Hungarian teachers’ revolt

The 13th of February 2016 is likely to go down in history as the awakening of the working class and the beginning of the class struggle in 21st century Hungary. Tens of thousands of people gathered in front of the Hungarian Parliament building demanding the abandonment of all educational “reforms” of the last 5 years.  In spite of pouring rain thousands and thousands marched proudly, showing concern not just for education, but for the health service, for transport, against corruption and what is now commonly called the “mafia state”.

For the first time in a very long time, support for the teachers came from a wide variety of sectors, from local government workers, health workers, transport workers, miners, police personnel and even soldiers.  Banners all over the square showed the support of official and unofficial unions and individuals with hand written slogans. The atmosphere was friendly, comradely and very, very supportive of the cause and to each other.  Speakers came from all spheres and were heard with enthusiasm and applause.  At the end of the rally Mária Sándor, the “nurse in black” called for a 5 minute silence, which was observed with reverence for this courageous woman, who was persecuted and lost her job last year for openly pointing out the downright dangerous state of many Hungarian hospitals. She stood alone then, but was cheered loudly on the rostrum on the 13th. This showed the government the resolve and unity of a crowd which intends to make them listen.

Maria SandorMária SándorThe origins of this movement go back to last year, when the Hermann Ottó High School in Miskolc, issued an open letter to the government, enumerating their complaints over the destruction of democracy in education and the ill effects of the government’s so called “reforms”, which included falling plaster in classrooms, lack of books and even of chalk and paper. It listed 25 demands calling for the return to local democracy in schools, the abolition of the KLIK, the government’s centralised organisation overseeing education, for sensible teaching and learning hours that do not exhaust either children or teachers, reduction in the content of the National Curriculum, for teacher autonomy in the method of delivery, the return of the billions of forints which were syphoned off from education etc., etc. The KLIK, put together on a partisan basis, containing only FIDESZ party hacks, few educationalists and real experts has since become a focus of special hatred by the teaching profession. Not only has it no experts in its ranks, it has become known as a completely amateur outfit that could not organise a single lesson, never mind the whole education system from one or two offices in Budapest. Echoes of Stalinism abound through its bureaucratic inefficiency, centralised bigotry, lack of professionalism and an overuse of dictates from above.  No wonder, even totally non-political as well as some FIDESZ members of the teaching profession are totally united with the rest in the call for the instant abolition of this disgraceful organisation.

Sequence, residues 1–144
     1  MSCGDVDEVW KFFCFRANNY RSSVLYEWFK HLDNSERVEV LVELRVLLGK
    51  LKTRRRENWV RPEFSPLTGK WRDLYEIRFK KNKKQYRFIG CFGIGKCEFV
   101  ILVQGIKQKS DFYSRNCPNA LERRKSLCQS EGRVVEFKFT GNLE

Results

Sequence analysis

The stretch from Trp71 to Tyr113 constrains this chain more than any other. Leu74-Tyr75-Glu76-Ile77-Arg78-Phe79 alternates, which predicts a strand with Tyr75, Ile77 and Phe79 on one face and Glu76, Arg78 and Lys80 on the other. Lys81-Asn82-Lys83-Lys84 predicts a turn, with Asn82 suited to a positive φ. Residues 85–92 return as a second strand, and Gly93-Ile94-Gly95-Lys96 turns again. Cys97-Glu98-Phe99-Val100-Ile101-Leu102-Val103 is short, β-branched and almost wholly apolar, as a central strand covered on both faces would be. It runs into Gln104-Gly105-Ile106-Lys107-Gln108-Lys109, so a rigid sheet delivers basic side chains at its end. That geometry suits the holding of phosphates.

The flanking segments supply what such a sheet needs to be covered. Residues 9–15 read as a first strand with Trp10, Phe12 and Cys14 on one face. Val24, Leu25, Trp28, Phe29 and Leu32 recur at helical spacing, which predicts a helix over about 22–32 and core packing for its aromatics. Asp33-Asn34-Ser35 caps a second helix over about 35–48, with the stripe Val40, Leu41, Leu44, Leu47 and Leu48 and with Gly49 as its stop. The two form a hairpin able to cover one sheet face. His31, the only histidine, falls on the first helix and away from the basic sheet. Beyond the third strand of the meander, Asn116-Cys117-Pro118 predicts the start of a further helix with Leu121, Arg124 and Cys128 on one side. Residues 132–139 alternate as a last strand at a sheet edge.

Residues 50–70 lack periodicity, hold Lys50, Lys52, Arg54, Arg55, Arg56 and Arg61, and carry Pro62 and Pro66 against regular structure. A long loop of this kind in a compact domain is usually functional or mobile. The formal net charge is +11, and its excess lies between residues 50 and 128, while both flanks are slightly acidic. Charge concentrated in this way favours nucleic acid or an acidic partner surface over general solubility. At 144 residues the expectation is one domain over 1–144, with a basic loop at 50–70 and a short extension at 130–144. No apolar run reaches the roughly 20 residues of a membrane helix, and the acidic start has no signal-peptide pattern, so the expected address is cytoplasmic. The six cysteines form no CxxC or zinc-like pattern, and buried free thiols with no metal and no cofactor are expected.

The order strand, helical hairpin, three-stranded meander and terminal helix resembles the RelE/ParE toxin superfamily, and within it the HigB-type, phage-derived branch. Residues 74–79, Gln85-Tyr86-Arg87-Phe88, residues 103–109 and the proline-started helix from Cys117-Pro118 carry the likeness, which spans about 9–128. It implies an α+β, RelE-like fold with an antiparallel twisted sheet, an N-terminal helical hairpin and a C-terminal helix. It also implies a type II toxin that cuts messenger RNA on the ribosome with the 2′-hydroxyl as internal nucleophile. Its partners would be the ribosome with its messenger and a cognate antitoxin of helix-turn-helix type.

13-02-2016 Teachers demo in Parliament Square3Viktor Orbán’s FIDESZ government have been treating the teachers the same way as they have all government workers: with disdain, sham consultations, unwillingness to listen, with dictates from above and especially with an iron hand trying to reintroduce the old Teutonic system of learning by rote, recalling facts, against free will, free opinion or thinking by either teachers of their pupils. In other words, it seems to want nothing but an unthinking and obedient workforce that will never challenge its authority.

An unprecedented unity between teachers, their pupils and their parents had started to develop soon after the issue of the open letter. With the clever use of the internet, Twitter and Facebook, the campaign suddenly started to grow exponentially.  Soon it had 30,000+ individual supporters and over 500 schools nationally joined them, some of which have very courageously put their names on the petition, including head teachers and governors.